The Innocents (2022)

Eskil Vogt

Running Time: 117 Minutes

Certification: 15

Starring: Rakel Lenora Fløttum, Alva Brynsmo Ramstad, Sam Ashraf, Mina Yasmin Bremseth Asheim, Ellen Dorrit Petersen, Morten Svartveit, Kadra Yusuf, Lisa Tønne

For his second directorial feature, writer/director Eskil Vogt opens on a familiar scene of a little girl sleeping in a car. Ida (Rakel Lenora Fløttum) awakens to the bright summer scene outside, before reaching over to pinch the leg of her autistic sister, Anna (Alva Brynsmo Ramstad). As Ida tries getting a reaction out of her older sibling, this scene accurately captures how the film can transform something familiar into something unsettling.

As their family move to a new home, Ida and Anna befriend two other children living in the same housing estate and discover they have mysterious powers. The children happily explore these abilities, although the innocent play takes a dangerous turn. Much like 2017's Thelma, Joachim Trier's film which Vogt co-wrote, The Innocents offers a fascinating alternative on superpowers from the highest-grossing films.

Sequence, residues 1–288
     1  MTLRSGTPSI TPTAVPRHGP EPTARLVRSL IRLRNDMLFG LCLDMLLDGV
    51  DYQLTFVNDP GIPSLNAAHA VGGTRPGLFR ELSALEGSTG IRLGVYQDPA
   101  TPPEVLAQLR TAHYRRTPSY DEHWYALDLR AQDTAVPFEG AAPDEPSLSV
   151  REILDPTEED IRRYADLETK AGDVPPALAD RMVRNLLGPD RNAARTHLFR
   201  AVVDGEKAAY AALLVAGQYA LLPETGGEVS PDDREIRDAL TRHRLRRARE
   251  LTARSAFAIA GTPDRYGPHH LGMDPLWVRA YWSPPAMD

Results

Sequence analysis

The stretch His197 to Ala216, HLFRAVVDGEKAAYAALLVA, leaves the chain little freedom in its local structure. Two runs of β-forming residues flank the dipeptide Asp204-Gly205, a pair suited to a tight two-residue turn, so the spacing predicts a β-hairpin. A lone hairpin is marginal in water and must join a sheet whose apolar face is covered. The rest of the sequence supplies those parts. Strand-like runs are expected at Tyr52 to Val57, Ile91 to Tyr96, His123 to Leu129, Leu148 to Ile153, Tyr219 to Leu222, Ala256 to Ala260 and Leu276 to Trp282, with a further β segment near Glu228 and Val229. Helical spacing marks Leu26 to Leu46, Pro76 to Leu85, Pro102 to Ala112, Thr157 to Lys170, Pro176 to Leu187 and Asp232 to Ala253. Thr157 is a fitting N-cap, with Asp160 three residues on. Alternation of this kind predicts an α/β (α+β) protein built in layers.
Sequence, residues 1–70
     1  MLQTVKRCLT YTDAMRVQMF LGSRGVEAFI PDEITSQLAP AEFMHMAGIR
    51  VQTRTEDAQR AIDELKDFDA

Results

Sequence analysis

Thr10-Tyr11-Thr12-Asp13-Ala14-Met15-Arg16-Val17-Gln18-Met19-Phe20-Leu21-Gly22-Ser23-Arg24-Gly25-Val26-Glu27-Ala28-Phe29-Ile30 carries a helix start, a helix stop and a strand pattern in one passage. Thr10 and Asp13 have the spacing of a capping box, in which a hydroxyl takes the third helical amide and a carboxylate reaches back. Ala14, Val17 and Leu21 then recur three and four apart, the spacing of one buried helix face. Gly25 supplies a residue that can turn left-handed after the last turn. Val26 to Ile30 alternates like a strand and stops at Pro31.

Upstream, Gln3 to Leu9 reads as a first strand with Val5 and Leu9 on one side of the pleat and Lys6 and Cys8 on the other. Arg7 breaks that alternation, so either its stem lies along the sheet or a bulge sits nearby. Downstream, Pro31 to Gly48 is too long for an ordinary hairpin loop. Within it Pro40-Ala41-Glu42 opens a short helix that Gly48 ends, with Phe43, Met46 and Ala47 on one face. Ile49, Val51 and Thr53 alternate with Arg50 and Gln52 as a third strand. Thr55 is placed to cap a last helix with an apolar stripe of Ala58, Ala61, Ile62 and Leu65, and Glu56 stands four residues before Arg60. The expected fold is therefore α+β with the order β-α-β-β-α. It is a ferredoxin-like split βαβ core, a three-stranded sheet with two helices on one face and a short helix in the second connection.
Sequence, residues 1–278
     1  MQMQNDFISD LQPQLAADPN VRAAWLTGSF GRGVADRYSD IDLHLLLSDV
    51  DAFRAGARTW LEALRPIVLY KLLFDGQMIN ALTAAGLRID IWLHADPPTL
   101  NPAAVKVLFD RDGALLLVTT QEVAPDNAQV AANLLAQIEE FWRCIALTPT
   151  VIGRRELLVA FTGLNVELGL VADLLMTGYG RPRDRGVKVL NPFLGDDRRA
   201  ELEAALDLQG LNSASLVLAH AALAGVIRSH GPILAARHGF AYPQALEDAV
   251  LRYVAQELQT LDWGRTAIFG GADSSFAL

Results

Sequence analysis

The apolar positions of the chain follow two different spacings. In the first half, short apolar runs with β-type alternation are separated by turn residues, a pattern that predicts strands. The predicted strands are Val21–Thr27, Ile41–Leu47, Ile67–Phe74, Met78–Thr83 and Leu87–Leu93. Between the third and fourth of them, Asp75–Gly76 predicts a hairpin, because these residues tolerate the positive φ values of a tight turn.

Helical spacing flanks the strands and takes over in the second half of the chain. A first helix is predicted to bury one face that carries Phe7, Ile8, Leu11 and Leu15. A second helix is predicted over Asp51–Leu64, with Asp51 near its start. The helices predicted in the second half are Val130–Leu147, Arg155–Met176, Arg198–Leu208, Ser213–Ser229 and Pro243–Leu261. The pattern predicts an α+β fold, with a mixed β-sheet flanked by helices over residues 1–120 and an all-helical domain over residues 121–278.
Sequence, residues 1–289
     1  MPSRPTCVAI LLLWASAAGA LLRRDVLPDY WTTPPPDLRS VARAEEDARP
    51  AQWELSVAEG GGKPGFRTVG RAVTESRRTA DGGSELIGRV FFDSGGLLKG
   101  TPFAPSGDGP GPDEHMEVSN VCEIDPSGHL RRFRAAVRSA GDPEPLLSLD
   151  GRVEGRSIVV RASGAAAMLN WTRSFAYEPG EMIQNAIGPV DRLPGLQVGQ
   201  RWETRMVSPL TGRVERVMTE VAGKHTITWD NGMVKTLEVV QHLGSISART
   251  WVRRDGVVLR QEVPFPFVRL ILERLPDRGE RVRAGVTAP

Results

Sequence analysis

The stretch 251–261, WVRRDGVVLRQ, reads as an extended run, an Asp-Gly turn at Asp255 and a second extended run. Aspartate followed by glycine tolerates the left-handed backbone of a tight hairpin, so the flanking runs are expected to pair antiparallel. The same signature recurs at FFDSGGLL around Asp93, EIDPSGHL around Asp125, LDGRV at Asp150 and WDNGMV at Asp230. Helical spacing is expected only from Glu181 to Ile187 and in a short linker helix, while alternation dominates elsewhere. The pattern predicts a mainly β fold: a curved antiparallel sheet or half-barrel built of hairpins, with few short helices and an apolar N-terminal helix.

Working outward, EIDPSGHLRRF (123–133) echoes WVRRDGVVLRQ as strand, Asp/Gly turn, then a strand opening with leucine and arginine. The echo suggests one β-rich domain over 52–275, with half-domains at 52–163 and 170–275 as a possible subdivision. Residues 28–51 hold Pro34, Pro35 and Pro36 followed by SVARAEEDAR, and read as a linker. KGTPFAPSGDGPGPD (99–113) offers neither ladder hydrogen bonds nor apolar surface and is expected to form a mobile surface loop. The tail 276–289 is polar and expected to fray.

Vogt shows how great power doesn't always bring great responsibility, as such power can bring out the worst in people in this dark tale which takes brutal routes. A warning to any cat-lovers, this film includes one of the years most distressing scenes. What's key is how tension is effectively used in unbearable ways, leaving audiences on edge awaiting what's next, as shown in a standout football scene.

The scope of these powers are effectively captured across the runtime, as the fantastical nature is depicted well with minimalist ideas to combat not having a big-budget. Central to portraying them are the child actors, each doing terrific work in their roles, although the standout is the exemplary Sam Ashraf as the film's most terrifying character. The characterisation is lacking in some areas, although it's most egregious with Anna, who's more a neurodivergent plot device than a character in her own right. Despite this, what Vogt has crafted is a quietly unnerving story about the loss of innocence which is an effective advert for contraception.

The Innocents is available in cinemas and on Digital now